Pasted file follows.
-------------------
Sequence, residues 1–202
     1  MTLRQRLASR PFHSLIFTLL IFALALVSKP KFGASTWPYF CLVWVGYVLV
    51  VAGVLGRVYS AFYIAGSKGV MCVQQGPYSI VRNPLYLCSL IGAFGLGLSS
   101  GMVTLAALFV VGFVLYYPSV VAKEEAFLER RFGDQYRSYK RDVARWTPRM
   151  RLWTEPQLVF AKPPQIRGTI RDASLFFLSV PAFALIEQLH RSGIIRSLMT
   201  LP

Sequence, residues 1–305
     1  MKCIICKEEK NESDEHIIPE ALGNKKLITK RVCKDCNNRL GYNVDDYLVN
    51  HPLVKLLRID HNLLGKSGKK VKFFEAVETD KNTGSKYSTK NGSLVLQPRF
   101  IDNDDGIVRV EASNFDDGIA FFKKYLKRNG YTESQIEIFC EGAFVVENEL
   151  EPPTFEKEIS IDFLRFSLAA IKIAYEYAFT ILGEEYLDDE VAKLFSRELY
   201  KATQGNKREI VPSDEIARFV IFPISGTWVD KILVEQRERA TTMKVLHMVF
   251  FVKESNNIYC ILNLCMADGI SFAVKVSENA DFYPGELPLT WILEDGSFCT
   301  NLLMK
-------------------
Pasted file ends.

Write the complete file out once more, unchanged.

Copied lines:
Sequence, residues 1–202
     1  MTLRQRLASR PFHSLIFTLL IFALALVSKP KFGASTWPYF CLVWVGYVLV
    51  VAGVLGRVYS AFYIAGSKGV MCVQQGPYSI VRNPLYLCSL IGAFGLGLSS
   101  GMVTLAALFV VGFVLYYPSV VAKEEAFLER RFGDQYRSYK RDVARWTPRM
   151  RLWTEPQLVF AKPPQIRGTI RDASLFFLSV PAFALIEQLH RSGIIRSLMT
   201  LP

Sequence, residues 1–305
     1  MKCIICKEEK NESDEHIIPE ALGNKKLITK RVCKDCNNRL GYNVDDYLVN
    51  HPLVKLLRID HNLLGKSGKK VKFFEAVETD KNTGSKYSTK NGSLVLQPRF
   101  IDNDDGIVRV EASNFDDGIA FFKKYLKRNG YTESQIEIFC EGAFVVENEL
   151  EPPTFEKEIS IDFLRFSLAA IKIAYEYAFT ILGEEYLDDE VAKLFSRELY
   201  KATQGNKREI VPSDEIARFV IFPISGTWVD KILVEQRERA TTMKVLHMVF
   251  FVKESNNIYC ILNLCMADGI SFAVKVSENA DFYPGELPLT WILEDGSFCT
   301  NLLMK